There is a catch, however. Vape businesses who wish to ship directly to other vape businesses using the USPS must apply for an exemption from the USPS. Once the Postal Service has cleared them, the retailers can ship products bought online to other states or the same state so customers can pick them up there.
Find New Shipping Options
Apart from applying for the USPS, business-to-business exemption, vape retailers would do well to find alternative shipping partners outside of the big three – UPS, FedEx, and DHL – all of whom have backed out of making vape deliveries. Freight Right and smaller regional carriers can step in for the absence of the larger carriers, although that might mean shipping costs may go up.
Short-Term Losses, Long-Term Gains
While these regulations may indeed have their intended effect of paralyzing the online vape retail business, it is essential to remember that where some companies fail, others will thrive. The thinning out of the market will mean that those companies that can weather these new regulations will increase their market share and drive up profits in the long run. But these benefits will not come without some sacrifice.
Vape retailers should not be afraid to increase their spending or overhead to meet these new regulations. Doing so will give them the breathing room to survive the worst of these regulations, as well as during pandemic shutdowns, while those who refuse to absorb the cost of these new rules will go under.
Build Local Networks
Using other vape businesses as a delivery service is not the only reason why vape retailers should grow their networks. More cooperation between vape businesses – from the retail, manufacturing, and distribution sectors — should help these “vape cooperatives” from singularly absorbing the costs of doing business.
The fact that most vape products are manufactured in China could be an obstacle that is overcome by collectively investing in new manufacturing sites in the US. Vape retailers could partner with more significant concerns that have an interest in creating viable distribution and retail networks (like cannabis producers and retailers in legal states) that serve everyone involved.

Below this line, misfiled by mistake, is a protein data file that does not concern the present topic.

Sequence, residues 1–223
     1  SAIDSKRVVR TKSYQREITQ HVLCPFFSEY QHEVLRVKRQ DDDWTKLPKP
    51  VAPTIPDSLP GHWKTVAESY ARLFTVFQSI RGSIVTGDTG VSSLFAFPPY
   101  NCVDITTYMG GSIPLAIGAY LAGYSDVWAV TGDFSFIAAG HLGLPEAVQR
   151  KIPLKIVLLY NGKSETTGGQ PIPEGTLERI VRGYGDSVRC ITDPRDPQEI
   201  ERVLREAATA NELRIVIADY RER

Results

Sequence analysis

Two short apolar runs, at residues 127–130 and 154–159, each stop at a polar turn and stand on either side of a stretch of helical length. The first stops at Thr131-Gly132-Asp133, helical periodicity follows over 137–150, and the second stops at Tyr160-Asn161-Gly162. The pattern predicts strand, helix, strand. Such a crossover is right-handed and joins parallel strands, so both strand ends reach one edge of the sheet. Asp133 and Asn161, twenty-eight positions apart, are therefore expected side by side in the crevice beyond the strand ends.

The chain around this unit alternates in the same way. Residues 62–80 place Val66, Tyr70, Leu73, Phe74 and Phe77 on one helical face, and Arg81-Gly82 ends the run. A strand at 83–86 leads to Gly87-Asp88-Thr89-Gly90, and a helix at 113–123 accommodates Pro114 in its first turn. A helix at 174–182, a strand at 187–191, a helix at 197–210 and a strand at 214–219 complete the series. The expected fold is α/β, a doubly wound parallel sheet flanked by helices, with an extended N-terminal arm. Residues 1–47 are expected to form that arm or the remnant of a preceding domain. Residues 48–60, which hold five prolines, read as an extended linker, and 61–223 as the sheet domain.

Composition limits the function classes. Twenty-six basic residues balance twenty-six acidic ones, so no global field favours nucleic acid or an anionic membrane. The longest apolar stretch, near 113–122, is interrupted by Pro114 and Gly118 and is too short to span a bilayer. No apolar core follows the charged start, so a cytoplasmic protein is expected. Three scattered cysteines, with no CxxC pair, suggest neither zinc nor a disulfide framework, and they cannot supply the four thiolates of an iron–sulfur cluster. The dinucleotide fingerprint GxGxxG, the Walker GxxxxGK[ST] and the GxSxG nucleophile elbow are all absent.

This may also be the time to increase your presence in the local community. Creating a space where local customers can congregate and vape – once local indoors retail restrictions are lifted – is another way to spread the word about vaping and building the networks needed to survive the PACT Act regulations.
Getting Through the Worst of It
While the intended purpose of the PACT Act is to strangle the vape industry into submission slowly, there are ways for intelligent retailers to survive. Instead of thinking of these regulations as money-wasting, government over-regulation (which they are), think of them as investments in the future of your business.
Don’t let the federal government put you out of business when you have a fighting chance to use the market against them. Invest smartly in new manufacturing ventures, apply for credit or loans to stay afloat, expand your business-to-business networks and absorb the costs of these new regulations to beat the government at their own game.